Legal Widow

Alternatively, provide yourself with a partner who is prepared to replace your old car before it explodes in Sainsbury’s car park, sending oily smoke all over the smug four wheel drives next door. But if you can at least avoid half term, you will have lots of time to choose your new vehicle, and you won’t have to bring along any combination of up to three children who will behave dreadfully in the back seat.

Liability was the worst. Apart from tunnelling under the seats and reaching round to tickle me from the side, she lay on her back and sang “The Long and Winding Road” 10 times in a row. Then she got my lipstick out, but I was watching her in the rearview mirror and did a nifty emergency stop just as she was about to write “I love Gareth” on the back window. The car salesman hit his nose on his knees and the lipstick shot out of Liability’s hand, missing his right ear by a millimetre and coming to rest just below the brake pedal.

The salesman had stopped making cooing noises about how lovely children were by then and got down to the business of selling me a car. Unfortunately, because I had turned up on a weekday with a child in tow he knew I was a non-working mum (goodness me, they are surprisingly observant) and had dusted off his “what the little lady wants” patter.

“So, your husband thinks it’s time you bought a new car, then?” was his opening gambit.

“No, it’s a car for me.”

“Oh, so you’ll do a bit of testing and he’ll be doing the financial bit, then?” he said.

Unfortunately, it’s difficult to argue with this one when you’re not actually bringing in any money, so I settled for an unnecessarily fast right-hand turn, which bashed his head against the window. At this point I noticed that Liability was standing up in the back and flashing her knickers at the cars behind us.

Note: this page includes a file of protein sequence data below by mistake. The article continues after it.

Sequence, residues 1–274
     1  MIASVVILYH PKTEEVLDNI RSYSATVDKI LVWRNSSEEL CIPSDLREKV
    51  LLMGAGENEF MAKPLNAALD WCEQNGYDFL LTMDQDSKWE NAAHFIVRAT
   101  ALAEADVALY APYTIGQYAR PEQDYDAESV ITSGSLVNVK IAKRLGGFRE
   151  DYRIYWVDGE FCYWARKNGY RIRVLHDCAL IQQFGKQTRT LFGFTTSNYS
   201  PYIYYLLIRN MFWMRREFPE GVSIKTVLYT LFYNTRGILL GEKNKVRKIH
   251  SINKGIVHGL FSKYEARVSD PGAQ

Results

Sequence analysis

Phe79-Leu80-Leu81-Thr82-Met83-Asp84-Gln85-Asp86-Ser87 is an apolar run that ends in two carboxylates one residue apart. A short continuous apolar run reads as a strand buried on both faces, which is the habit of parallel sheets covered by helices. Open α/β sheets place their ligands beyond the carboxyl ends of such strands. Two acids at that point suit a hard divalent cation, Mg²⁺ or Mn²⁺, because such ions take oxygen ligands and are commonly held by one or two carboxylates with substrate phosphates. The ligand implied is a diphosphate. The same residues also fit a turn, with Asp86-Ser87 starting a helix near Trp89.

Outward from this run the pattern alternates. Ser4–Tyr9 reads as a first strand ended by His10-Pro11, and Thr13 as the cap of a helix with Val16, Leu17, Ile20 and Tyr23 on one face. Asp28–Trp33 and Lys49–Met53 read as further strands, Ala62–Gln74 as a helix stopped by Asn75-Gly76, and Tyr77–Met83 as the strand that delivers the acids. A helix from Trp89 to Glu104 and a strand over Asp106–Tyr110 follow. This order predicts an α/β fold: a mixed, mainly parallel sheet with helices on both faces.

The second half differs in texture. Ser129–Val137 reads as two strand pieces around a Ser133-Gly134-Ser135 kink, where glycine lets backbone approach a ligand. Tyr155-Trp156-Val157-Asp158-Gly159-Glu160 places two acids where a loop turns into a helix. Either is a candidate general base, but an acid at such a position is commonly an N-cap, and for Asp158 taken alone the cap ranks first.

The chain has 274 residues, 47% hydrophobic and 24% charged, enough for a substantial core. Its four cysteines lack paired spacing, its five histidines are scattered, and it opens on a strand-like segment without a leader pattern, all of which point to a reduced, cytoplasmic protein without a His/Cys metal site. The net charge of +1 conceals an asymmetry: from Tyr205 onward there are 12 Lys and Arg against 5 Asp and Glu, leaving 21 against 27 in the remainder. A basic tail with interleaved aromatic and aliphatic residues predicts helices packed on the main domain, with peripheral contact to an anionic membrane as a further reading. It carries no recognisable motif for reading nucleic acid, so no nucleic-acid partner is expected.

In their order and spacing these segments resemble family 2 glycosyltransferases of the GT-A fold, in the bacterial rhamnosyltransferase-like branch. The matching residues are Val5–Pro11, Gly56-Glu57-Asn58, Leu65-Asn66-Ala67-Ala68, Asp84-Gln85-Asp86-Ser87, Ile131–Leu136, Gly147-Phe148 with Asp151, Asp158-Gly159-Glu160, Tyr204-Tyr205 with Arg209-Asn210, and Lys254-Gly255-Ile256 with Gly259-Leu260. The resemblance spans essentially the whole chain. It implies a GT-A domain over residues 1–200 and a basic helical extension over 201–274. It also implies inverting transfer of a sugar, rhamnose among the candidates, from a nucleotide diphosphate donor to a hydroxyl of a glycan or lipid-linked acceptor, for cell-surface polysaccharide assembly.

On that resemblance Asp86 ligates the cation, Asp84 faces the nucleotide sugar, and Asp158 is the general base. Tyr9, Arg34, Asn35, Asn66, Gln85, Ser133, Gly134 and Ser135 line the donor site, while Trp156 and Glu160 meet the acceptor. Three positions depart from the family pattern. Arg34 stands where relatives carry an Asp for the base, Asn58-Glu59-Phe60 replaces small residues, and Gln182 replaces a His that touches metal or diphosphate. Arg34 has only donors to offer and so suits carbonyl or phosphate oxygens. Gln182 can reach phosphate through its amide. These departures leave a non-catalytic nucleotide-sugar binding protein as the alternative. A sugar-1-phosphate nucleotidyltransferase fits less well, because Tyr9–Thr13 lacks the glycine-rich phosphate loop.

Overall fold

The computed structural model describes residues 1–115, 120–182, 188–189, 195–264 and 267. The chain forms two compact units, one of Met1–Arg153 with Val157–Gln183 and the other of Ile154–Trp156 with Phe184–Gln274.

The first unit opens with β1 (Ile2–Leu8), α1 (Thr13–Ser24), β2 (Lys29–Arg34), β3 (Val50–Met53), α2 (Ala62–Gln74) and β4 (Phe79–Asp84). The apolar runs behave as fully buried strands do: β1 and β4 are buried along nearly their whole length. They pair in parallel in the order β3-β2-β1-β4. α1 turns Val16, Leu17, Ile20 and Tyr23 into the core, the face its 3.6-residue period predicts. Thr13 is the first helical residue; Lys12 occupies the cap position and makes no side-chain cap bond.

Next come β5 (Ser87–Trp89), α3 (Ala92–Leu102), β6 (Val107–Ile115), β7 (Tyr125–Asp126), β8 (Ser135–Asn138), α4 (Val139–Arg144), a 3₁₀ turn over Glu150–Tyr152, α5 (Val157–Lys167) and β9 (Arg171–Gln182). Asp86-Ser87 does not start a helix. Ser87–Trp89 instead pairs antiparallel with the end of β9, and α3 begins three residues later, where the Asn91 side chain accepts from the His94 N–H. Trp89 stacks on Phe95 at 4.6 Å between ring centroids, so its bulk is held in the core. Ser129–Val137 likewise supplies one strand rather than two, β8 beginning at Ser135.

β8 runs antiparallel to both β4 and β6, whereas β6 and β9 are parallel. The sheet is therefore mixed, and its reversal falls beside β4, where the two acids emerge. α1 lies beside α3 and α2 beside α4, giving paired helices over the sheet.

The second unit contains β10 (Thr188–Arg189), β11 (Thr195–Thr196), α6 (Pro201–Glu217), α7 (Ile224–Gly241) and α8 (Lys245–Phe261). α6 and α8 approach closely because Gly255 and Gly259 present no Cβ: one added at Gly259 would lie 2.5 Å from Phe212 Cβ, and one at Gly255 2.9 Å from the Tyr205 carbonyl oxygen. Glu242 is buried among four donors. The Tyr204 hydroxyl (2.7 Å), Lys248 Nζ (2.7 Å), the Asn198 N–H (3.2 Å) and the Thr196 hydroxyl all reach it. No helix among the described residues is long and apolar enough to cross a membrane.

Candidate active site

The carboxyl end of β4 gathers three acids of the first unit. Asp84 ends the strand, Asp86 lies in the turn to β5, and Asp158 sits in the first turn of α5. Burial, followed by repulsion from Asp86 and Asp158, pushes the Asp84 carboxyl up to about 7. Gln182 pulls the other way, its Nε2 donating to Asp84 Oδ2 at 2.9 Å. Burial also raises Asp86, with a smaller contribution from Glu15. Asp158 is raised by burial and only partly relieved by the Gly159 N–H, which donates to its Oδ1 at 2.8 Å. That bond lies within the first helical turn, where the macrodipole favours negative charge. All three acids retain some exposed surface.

I saw the showroom sign looming up ahead of us again and pointed out that we hadn’t got beyond 40mph – car salesmen obviously think women with children in the back don’t actually need fourth or fifth gear, because we’re so busy holding up the traffic, shouting at the kids and reaching for our lipsticks. I must admit I was doing all three at this point, but nevertheless I like a nippy car, partly because I have found that if you drive fast enough it drowns out what they’re saying. Of course, I’ll never get the sort of executive car the Lawyer drives, where the engine whispers even at 90mph. Certainly, the kids, with their little chocolatey hands, have never been allowed to caress the leather seats on that.

So, off we went to the dual carriageway, where I was able to get up to a satisfyingly illegal speed, and wondered whether I really need to settle for a boring old Japanese MPV when in my heart I’m a convertible girl.

“My daddy’s a lawyer,” said Liability from the back, chattily.

“That’s nice,” said the salesman.

“So he earns more than you, I expect,” Liability continued.

“You don’t know much about commission, little girl, do you?” he asked, which silenced both of us.

Then Liability was sick on the back seats. Luckily, unlike in Marks & Spencer, this doesn’t mean you have to buy the item even though velour is a blighter to scrub – perhaps we might get leather seats after all.